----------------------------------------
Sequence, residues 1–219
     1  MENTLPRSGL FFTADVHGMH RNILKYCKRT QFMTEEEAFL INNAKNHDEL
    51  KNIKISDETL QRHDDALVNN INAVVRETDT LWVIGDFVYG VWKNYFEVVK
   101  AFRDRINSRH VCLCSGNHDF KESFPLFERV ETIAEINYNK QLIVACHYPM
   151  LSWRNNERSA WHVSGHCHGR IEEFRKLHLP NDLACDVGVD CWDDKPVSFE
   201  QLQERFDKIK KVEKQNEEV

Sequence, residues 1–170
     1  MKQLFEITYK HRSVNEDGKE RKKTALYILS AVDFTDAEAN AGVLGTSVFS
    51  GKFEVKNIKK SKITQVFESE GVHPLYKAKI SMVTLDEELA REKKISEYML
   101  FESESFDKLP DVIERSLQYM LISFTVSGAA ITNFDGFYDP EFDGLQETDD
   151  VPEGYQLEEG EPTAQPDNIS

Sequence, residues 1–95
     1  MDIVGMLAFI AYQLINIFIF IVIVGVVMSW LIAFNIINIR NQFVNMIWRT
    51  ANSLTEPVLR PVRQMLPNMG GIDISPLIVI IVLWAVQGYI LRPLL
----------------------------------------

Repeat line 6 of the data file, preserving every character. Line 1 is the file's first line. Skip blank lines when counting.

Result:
   201  QLQERFDKIK KVEKQNEEV